On the 4 May 1944, the British 5th Brigade secured a foothold in the outskirts of Naga Village but was counter-attacked and driven back. On the same day, the British 4th Brigade, having made a long flank march around Mount Pulebadze to approach Kohima Ridge from the south-west, attacked GPT Ridge in driving rain and captured part of the ridge by surprise but were unable to secure the entire ridge. Two successive commanders of British 4th Brigade were killed in the subsequent close-range fighting on the ridge.
Both outflanking moves having failed because of the terrain and the weather, the British 2nd Division concentrated on attacking the Japanese positions along Kohima Ridge from the 4th May onwards. Fire from Japanese posts on the reverse slope of GPT Ridge repeatedly caught British troops attacking Jail Hill in the flank, inflicting heavy casualties and preventing them from capturing the hill for a week. However, the various positions were slowly taken.
One the decisive factors was the Japanese lack of supplies. The Japanese 31st Division had begun the operation with only three weeks' supply of food. Once these supplies were exhausted, the Japanese had to exist on meagre captured stocks and what they could forage in increasingly hostile local villages. Shortly before the siege of Kohima began, the Japanese had captured a huge warehouse in Naga Village with enough rice to feed the division "for three years", but it was immediately bombed and the stock of rice was destroyed. The British 23rd LRP Brigade, which had been operating behind the Japanese division, cut the Japanese supply lines and prevented them foraging for food in the Naga Hills to the east of Kohima.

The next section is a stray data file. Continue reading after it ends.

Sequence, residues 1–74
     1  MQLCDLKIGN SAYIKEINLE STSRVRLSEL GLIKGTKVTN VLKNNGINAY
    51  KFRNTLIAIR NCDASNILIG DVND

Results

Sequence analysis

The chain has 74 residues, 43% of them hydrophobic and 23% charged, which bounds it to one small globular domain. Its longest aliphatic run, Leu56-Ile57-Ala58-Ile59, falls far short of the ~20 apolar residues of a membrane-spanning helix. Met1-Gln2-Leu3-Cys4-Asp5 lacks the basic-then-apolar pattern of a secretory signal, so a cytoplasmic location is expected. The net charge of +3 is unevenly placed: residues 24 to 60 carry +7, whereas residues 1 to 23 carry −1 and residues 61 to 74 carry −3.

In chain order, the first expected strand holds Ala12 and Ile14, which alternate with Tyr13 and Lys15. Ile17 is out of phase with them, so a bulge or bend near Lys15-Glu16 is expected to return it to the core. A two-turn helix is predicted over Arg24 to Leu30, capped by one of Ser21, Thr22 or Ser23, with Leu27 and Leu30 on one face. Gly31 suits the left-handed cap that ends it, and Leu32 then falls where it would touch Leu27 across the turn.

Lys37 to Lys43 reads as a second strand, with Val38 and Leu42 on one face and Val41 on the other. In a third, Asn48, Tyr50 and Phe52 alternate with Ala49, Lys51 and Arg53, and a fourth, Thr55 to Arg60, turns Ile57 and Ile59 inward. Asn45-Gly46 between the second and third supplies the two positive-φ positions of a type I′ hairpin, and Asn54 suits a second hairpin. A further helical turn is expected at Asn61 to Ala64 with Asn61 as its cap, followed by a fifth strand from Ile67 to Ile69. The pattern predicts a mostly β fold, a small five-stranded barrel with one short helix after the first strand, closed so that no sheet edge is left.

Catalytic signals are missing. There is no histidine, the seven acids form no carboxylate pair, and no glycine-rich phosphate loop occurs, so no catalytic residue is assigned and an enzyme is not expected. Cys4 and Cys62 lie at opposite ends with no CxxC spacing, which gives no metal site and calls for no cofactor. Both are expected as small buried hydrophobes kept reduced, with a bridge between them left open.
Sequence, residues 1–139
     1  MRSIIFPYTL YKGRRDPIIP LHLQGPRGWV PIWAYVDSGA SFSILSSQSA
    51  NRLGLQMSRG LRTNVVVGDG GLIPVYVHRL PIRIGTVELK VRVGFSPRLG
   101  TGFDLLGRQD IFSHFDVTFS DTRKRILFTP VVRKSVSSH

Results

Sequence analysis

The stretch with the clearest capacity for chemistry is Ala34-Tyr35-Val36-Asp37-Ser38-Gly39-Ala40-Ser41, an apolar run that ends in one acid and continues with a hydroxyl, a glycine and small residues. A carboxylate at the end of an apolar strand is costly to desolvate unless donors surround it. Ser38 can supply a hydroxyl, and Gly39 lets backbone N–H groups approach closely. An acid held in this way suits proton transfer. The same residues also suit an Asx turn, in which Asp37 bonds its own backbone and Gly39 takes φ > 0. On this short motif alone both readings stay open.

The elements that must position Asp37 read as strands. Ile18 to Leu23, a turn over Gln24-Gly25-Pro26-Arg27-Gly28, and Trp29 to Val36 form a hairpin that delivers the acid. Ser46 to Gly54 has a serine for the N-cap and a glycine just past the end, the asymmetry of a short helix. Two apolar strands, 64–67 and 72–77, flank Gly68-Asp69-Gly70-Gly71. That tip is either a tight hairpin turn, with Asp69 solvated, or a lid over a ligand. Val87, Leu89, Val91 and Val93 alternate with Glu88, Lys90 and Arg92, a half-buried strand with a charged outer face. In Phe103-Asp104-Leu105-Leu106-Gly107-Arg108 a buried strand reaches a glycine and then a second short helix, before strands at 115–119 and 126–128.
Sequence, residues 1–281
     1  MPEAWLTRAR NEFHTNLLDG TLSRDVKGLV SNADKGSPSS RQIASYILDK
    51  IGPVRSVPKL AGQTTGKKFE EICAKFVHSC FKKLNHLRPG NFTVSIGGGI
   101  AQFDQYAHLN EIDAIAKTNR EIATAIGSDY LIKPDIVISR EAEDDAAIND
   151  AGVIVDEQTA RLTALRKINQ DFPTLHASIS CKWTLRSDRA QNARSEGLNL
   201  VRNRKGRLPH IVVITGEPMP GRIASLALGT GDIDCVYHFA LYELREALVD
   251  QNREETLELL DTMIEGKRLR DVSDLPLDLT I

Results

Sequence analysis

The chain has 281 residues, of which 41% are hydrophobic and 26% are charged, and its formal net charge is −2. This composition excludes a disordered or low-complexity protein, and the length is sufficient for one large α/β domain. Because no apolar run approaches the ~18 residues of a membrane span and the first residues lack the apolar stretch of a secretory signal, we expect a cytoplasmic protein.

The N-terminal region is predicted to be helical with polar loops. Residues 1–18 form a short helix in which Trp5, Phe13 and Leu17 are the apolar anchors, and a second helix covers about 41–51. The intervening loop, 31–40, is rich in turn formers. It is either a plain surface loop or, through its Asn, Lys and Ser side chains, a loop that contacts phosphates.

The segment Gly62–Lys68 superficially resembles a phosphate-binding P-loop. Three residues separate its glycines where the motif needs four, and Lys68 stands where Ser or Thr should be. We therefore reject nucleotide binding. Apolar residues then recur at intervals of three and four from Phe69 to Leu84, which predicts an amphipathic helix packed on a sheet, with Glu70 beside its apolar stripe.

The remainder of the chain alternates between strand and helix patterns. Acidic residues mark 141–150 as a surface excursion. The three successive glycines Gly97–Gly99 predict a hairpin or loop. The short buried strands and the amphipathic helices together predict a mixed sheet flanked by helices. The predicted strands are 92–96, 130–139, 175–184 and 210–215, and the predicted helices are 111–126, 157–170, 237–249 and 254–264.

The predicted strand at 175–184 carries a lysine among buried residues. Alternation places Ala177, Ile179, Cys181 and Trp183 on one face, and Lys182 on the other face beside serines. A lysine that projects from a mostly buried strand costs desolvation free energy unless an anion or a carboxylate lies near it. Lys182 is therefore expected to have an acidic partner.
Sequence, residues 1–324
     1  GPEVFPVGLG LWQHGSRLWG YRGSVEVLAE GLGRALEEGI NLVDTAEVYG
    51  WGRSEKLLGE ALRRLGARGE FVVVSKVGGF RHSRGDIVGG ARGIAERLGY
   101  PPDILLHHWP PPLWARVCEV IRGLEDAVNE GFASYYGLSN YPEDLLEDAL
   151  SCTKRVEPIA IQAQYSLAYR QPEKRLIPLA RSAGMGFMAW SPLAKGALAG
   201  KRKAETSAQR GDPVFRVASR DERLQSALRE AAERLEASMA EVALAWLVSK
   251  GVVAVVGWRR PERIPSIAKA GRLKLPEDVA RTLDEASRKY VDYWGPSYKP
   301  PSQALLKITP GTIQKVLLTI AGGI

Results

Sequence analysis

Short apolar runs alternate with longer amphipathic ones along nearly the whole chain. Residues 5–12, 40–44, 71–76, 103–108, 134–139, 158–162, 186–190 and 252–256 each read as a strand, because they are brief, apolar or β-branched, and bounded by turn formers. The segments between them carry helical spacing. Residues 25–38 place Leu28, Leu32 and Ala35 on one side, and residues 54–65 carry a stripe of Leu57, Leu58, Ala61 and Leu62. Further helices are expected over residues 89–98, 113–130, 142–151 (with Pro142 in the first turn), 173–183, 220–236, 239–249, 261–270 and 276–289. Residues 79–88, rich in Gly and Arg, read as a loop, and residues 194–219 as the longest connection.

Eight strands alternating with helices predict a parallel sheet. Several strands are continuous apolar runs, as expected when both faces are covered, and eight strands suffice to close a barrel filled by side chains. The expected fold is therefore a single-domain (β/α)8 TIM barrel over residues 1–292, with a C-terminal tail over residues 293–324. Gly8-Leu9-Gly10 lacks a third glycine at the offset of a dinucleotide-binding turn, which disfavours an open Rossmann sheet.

The largely forgotten battle is often referred to as the "Stalingrad of the East". In 2013, the British National Army Museum voted the Battle of Imphal and Kohima to be "Britain's Greatest Battle."
The "Ossett Observer" had this obituary for Joseph Hallas:1
"Killed In Action, Burma - Trooper Joseph Hallas, Ossett - Mrs. Mary Hallas has received official information that her husband, Trooper Joseph Hallas, was killed in action in Burma on May 4th 1944. Trooper Hallas, who would have been 24 years of age on Thursday last (June 1st), was the elder son of Mr. and Mrs. James Hallas, Top Headlands, Ossett. He was educated at South Ossett C. of E. School, and played for the school cricket and football teams. He was employed by Messrs. Crawshaw and Warburton, at Shaw Cross Colliery prior to joining the Army in 1940. In 1941, he married the eldest daughter of Mr. and Mrs. Wilfred Parkin, Pickersgill Street, Ossett, with all of whom, as well as his parents, the deepest sympathy will be felt. Trooper Hallas, who was a much respected young man, was a regular attendee at Bethesda Chapel, Gawthorpe and a member of the choir there. His younger brother Edgar is serving in Italy."
Trooper Joseph Hallas died on the 4th May 1944 aged 24 years and is remembered on Face 2 of the Rangoon Memorial, Burma. The Rangoon Memorial bears the names of almost 27,000 men of the Commonwealth land forces who died during the campaigns in Burma (now Myanmar) and who have no known grave.
The memorial stands in Taukkyan War Cemetery, Rangoon (Yangon), which is the largest of the three war cemeteries in Burma. It was begun in 1951 for the reception of graves from four battlefield cemeteries at Akyab, Mandalay, Meiktila and Sahmaw, which were difficult to access and could not be maintained. The last was an original 'Chindit' cemetery containing many of those who died in the battle for Myitkyina. The graves have been grouped together at Taukkyan to preserve the individuality of these battlefield cemeteries.2
1. "Ossett Observer", Saturday 3rd June 1944.